Tom Kitchar has a theory of mining. It goes something like this:
Way, way back, when humans first came down from the trees, someone picked up a certain rock and realized it was useful.
It was heavy or sharp or easy to grip and use. It was a weapon. It was some sort of tool.
Soon everyone wanted one of these rocks. And those who went out to find and collect them were the first miners.
“There’s something in some of us that drives us – sometimes illogically – to give up everything we’ve got and go looking for something,” says Kitchar, who has been mining in Southern Oregon for about 30 years.
He worries his time as a miner will come to an end if state lawmakers allow a moratorium to go forward on the controversial method he and others use to extract gold.
Kitchar spends his summers working the streams and rivers in the southwest part of the state with a suction dredge. The gold mining technique uses large floating vacuums to suck up rocky streambeds and sift out precious metals.
The work is physically demanding. The miners have to spend hours on end immersed in cold mountain streams operating the suction hose and moving aside rocks that are too big for the dredge. They suck out large holes, sometimes eight to 12 feet deep, trying get down to the bedrock where gold nuggets settle into the cracks.
Kitchar contends that federal mining law gives him the right to mine his claims.
That’s true, but it can be a bit more complicated, says John Mellgren of the Western Environmental Law Center. Mellgren is involved in a lawsuit trying to force the U.S. Forest Service to consult wildlife agencies before authorizing suction dredge mining on federal lands.
“The mining laws are all very old. What a lot of miners are relying upon are laws from the 1800s, whereas environmental laws are much more recent,” he says. “Theoretically they’re supposed to work in concert together, but there are some conflicts.”
Like just how states are allowed regulate mining.
California is dealing with right now. The state effectively banned suction dredge mining in 2009. Miners challenged the law in court, saying the state has no legal authority to ban mining on federal lands because federal law doesn’t allow it. That case is currently in appeals, with a judge most recently ruling in favor of miners.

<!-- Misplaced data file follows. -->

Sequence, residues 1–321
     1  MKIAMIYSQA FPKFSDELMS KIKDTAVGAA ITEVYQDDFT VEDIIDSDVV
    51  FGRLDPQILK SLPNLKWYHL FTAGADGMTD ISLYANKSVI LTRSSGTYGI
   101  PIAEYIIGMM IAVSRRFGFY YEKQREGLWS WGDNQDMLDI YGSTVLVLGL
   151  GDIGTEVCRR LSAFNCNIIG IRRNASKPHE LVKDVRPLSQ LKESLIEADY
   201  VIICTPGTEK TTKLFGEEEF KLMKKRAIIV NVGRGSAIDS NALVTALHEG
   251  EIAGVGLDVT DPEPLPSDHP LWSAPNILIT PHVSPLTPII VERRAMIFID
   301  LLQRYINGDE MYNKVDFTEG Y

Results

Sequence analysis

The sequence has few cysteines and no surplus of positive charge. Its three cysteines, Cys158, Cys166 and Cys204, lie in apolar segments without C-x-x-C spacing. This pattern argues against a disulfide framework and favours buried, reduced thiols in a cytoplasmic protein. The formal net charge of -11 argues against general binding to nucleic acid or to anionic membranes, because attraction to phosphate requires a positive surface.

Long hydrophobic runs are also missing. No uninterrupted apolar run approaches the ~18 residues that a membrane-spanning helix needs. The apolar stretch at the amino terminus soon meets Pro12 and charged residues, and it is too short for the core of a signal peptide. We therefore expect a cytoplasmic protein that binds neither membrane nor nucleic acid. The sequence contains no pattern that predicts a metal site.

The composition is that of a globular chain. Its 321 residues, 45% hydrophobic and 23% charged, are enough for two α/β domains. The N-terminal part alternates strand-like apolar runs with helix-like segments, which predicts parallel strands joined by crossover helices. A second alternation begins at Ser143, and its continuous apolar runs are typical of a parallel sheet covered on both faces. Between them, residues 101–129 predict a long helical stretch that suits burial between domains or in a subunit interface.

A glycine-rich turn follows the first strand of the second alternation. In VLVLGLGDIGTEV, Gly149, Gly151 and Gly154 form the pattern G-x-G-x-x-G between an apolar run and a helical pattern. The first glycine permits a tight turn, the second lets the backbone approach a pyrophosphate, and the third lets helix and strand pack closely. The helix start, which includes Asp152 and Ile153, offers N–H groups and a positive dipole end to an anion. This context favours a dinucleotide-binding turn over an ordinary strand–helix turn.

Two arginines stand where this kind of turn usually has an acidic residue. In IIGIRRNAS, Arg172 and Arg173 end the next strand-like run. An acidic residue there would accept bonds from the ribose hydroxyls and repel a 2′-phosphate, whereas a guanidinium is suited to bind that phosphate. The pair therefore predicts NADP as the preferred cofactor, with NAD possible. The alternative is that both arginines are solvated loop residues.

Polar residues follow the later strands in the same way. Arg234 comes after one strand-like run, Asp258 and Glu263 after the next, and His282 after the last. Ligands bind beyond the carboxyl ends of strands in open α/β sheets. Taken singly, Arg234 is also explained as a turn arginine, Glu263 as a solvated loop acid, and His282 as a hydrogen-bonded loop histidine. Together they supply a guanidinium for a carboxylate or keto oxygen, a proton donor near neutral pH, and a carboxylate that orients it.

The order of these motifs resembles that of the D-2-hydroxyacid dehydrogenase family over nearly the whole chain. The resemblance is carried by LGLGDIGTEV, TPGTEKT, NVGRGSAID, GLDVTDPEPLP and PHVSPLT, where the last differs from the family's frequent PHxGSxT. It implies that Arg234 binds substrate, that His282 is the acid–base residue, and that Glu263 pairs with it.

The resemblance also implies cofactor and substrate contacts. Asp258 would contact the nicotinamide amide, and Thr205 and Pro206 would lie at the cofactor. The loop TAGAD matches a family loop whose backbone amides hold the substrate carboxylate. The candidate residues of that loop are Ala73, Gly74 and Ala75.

Lawmakers in the Northwest are wading into that debate as well.
Washington lawmakers have a bill before them this session that would restrict this type of mining while the issue is being studied.
Oregon, which saw an increase in suction dredge permit applications after the California ban went into effect, has capped the total number of permits it will issue. In addition, a 2013 law restricts suction dredging and calls for a five-year moratorium beginning in 2016, unless a new regulatory framework is approved.
Kitchar stands on a bridge over the Illinois River, looking upstream about a quarter mile to the mouth of Josephine Creek. It’s a significant spot, he says. It’s the place where a group of white settlers first found gold in the state.
It triggered a gold rush in Southern Oregon around the same time the Forty-Niners were en route to California. Soon after, in the early 1850s, they formed the Waldo Mining District. Kitchar is the current district president and the keeper of its history.
“We were the government in this area and the miners made their own rules. We could hang people. We could condemn your property -- so I could dump tailings in your living room,” he says. “Nothing could get in the way of mining in those days.”
Kitchar came to Oregon in the mid-1980s. He credits his brand of gold-fever to an article from Mother Earth News, boasting vacationers could pay their way by panning for gold in the West.
"Like thousands and millions before me, we fell for it. We sold everything we owned, outfitted an old pickup, and on October first, left Minnesota,” he says.
And like millions before him, it didn’t really work out. Kitchar ended up working four years at an underground gold mine in South Dakota, learning the trade. Then he headed to Oregon.